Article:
from the Korean Army to being published

the blog of an "ex-patriot" writer in Korea

Random #17: Vicariously Living the Dream

with 4 comments

Yesterday, I got a text around noon from my writer-friend, Krystn, while trying to sleep off a Budweiser*/random cocktail/tequila-hangover. The key words of the text were “book deal,” “penguin,” and “six figures.” I didn’t recover enough to get dressed and head to the coffee shop to write for another six hours, which was when I was finally able to hear the good news.

A community is an integral part of being a writer, I learned one day while drinking with writers. We were drinking Korean draft beer and makgeolli** and they were basically teaching me the ins and outs of the business. (The French “existentialist” conversation of the previous entry made its regrettable appearance here.)

Both Krystn and James stressed the importance of building and maintaining networks within the writing community and attending writing workshops. I’ve done neither and I think, aside from geographic restrictions, part of it is my aversion for critiques, an aversion developed during art school, when the class would sit around a piece and bullshit until the instructor’s bullshit-meter reached full. Of course, writing being a more practical art, I’m sure there is far more merit in feedback. It’s just that “I tend to think of myself as a one-man wolf pack.”***

In our conversations, Krystn often shared that her biggest worry was that her first book is a collection of short stories. Short story collections are the literary equivalent of rubies. While valuable and appreciated by people who know fine gemstones, it lacks the general market appeal of diamonds. You can’t generate the kind of income necessary to fund well-armed, murderous rebel armies of child soldiers with rubies.

So it was fantastic to hear that Krystn had become a hot commodity. The major publishing houses were fighting over her, driving her stock up into the six-figure range, and not a lower-end six-figure number at all. You can expect her collection on bookshelves in the spring, mostly because her publishers believe she is a serious contender for literary prizes and that’s when you release books that are contenders.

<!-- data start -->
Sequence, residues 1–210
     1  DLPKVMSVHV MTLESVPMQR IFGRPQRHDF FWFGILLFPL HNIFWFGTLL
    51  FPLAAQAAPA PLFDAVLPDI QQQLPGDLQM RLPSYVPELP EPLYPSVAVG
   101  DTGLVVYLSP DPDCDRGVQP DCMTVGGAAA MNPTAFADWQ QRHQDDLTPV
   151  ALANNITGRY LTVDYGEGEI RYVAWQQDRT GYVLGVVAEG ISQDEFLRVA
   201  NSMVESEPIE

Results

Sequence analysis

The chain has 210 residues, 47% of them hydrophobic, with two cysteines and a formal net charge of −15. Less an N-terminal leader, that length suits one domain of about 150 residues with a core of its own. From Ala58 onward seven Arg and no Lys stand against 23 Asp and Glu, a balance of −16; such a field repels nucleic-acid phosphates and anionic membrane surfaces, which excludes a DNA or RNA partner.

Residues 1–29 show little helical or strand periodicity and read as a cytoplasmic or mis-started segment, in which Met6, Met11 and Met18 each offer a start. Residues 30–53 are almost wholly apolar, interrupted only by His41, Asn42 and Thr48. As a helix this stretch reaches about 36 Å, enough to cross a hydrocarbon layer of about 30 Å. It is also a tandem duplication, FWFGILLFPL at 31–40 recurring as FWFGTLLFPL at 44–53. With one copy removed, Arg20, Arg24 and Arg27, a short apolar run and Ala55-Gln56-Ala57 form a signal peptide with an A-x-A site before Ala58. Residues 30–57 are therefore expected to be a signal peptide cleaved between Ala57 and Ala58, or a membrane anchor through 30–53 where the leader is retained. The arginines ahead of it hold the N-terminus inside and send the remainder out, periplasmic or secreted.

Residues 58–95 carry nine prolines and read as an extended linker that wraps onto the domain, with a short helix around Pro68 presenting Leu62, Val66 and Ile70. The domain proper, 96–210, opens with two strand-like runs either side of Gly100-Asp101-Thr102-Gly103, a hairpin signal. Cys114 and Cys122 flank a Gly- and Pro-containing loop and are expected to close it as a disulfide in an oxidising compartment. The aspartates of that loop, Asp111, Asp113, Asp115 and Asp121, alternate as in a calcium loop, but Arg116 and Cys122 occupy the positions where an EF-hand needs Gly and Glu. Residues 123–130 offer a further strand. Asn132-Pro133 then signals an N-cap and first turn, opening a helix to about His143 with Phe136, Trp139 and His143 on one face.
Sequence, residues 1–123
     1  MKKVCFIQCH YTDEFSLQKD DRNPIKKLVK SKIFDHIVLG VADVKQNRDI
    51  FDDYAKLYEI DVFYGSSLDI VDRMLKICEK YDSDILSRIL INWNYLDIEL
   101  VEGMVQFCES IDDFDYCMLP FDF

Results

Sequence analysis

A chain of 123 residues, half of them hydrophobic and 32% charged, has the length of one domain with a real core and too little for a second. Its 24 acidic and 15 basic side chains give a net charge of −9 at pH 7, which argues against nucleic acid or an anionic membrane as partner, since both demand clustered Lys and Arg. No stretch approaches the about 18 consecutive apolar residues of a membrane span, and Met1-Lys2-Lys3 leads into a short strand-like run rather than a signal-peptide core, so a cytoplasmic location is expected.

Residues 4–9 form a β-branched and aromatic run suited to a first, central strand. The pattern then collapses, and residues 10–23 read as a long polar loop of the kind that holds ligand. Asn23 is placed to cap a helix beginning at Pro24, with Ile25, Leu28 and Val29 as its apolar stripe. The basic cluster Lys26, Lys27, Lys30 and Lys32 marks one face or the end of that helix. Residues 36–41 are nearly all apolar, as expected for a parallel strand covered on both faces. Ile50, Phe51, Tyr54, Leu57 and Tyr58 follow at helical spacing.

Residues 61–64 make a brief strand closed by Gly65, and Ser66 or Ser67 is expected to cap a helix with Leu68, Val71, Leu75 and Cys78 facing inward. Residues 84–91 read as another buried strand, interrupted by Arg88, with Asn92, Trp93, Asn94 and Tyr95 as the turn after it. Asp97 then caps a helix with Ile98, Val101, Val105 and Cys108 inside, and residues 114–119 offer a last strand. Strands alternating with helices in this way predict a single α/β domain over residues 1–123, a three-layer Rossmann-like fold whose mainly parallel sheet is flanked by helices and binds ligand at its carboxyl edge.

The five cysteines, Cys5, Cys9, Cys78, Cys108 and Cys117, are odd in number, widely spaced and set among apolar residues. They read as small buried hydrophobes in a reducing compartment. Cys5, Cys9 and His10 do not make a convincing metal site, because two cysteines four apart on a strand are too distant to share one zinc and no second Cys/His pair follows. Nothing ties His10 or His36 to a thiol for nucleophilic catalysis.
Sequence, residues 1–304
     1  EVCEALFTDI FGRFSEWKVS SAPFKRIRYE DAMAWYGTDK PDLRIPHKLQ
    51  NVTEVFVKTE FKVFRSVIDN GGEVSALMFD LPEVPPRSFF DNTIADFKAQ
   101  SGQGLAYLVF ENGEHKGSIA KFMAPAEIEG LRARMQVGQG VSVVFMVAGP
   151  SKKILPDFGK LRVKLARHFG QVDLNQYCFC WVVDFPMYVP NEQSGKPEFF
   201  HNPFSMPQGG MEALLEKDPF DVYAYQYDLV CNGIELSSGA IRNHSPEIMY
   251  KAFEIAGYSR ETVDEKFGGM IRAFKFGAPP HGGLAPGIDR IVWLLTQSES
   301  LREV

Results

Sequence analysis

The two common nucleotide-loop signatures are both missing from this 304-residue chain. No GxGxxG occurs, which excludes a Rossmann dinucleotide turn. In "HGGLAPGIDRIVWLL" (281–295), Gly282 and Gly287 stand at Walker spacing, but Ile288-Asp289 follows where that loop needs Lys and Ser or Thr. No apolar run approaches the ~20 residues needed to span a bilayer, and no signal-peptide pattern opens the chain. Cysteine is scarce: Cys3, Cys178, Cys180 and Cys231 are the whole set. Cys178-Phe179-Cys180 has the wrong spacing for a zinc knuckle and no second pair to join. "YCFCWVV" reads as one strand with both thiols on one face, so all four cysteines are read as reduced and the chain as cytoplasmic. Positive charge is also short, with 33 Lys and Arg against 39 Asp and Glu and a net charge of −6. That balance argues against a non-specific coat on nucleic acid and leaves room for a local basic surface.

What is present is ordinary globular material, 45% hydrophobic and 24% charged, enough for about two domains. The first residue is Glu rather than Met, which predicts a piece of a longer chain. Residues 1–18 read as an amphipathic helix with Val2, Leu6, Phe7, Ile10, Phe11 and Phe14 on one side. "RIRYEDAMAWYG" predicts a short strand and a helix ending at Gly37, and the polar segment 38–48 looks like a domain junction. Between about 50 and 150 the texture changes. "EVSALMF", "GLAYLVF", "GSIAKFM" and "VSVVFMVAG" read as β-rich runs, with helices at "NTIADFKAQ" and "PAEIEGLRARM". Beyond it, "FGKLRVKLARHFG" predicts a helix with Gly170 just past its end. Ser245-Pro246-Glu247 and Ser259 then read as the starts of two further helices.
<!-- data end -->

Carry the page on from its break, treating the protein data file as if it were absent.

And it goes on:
I guess she can write. I’ve never read any of her writing but she must be good to generate such interest. (I’ll probably get a chance to read some next weekend and am looking forward to it.) She’s a writer. Because she is a legitimate writer, her story has been one to envy: finding a competent agent she gets along with, didn’t have to query, and is enthusiastic about her writing, and now this.

Writing is a business, and if you can write, apparently a very lucrative one. As an as-yet aspiring writer with no agent and no interest from the industry, I can be content with the success of a friend, a part of my community.

* I’m not a Bud man but it’s the cheapest foreign label beer bottled in Korea. It’s usually the second cheapest beer on the menu. That’s how I choose to present myself: Second cheapest. A tiny shred of dignity is all I need.

** Promoters of the traditional Korean rice liquor have decided on “Drunken Rice” as its nickname in a contest not too long ago. My suggestion? MacCauley, in honor of the child star of the Na Hollo Jibe series.

*** Quote from The Hangover.

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4 Responses

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  1. That’s way cool for her. Tell her I said congratulations when you see her.

    조엘

    October 22, 2010 at 4:05 pm

    • No problem. Although I don’t know if she’ll appreciate the fact that I shared her success on this blog.

      holdenbeck

      October 23, 2010 at 4:37 pm

      • just lie and say you told me while we were drinking

        조엘

        October 25, 2010 at 2:43 pm

      • No need to lie. I could take her in a fist fight. Ha.

        holdenbeck

        October 25, 2010 at 6:16 pm


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